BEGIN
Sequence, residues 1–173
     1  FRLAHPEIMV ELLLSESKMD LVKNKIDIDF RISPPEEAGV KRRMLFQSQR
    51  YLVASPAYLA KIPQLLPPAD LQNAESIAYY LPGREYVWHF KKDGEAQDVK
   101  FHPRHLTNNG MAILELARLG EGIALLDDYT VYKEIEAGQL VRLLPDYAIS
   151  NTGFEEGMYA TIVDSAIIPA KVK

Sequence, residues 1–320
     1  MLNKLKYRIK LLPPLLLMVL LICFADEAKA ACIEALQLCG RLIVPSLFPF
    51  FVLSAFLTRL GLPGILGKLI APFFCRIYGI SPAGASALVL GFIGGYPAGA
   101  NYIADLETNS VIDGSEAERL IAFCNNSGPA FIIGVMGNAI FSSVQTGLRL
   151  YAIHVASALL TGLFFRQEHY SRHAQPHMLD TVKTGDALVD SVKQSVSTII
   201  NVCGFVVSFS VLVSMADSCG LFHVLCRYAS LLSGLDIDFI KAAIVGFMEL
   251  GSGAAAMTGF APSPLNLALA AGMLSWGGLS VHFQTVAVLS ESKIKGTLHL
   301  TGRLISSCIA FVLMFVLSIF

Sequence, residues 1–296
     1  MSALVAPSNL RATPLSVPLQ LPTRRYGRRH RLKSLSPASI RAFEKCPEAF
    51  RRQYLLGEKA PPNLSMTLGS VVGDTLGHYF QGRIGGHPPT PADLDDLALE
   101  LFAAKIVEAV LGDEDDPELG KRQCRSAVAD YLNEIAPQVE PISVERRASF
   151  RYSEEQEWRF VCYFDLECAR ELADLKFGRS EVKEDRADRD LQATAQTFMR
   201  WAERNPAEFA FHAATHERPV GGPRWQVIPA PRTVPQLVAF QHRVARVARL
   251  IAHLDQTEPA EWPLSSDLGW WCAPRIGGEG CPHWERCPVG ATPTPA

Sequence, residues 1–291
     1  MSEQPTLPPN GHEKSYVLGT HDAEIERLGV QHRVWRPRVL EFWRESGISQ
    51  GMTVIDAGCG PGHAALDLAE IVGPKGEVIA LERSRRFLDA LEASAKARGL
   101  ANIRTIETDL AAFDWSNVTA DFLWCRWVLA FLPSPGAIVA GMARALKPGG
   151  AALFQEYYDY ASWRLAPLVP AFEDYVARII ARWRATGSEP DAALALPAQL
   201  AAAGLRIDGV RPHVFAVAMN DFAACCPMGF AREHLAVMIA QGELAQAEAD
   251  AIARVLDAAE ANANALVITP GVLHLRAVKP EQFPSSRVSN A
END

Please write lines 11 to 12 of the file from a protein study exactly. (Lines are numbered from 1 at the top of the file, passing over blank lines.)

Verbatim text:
   201  NVCGFVVSFS VLVSMADSCG LFHVLCRYAS LLSGLDIDFI KAAIVGFMEL
   251  GSGAAAMTGF APSPLNLALA AGMLSWGGLS VHFQTVAVLS ESKIKGTLHL